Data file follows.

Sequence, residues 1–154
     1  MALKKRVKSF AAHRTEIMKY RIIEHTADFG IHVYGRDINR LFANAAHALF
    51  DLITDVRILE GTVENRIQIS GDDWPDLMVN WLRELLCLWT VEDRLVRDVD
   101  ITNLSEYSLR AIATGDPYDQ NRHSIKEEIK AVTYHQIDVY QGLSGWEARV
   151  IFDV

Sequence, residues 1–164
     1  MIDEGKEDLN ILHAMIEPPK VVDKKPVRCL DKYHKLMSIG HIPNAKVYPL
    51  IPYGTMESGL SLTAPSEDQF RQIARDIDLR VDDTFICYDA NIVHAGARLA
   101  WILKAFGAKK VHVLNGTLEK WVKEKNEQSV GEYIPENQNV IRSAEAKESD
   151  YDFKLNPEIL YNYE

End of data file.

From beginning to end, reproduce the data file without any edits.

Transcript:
Sequence, residues 1–154
     1  MALKKRVKSF AAHRTEIMKY RIIEHTADFG IHVYGRDINR LFANAAHALF
    51  DLITDVRILE GTVENRIQIS GDDWPDLMVN WLRELLCLWT VEDRLVRDVD
   101  ITNLSEYSLR AIATGDPYDQ NRHSIKEEIK AVTYHQIDVY QGLSGWEARV
   151  IFDV

Sequence, residues 1–164
     1  MIDEGKEDLN ILHAMIEPPK VVDKKPVRCL DKYHKLMSIG HIPNAKVYPL
    51  IPYGTMESGL SLTAPSEDQF RQIARDIDLR VDDTFICYDA NIVHAGARLA
   101  WILKAFGAKK VHVLNGTLEK WVKEKNEQSV GEYIPENQNV IRSAEAKESD
   151  YDFKLNPEIL YNYE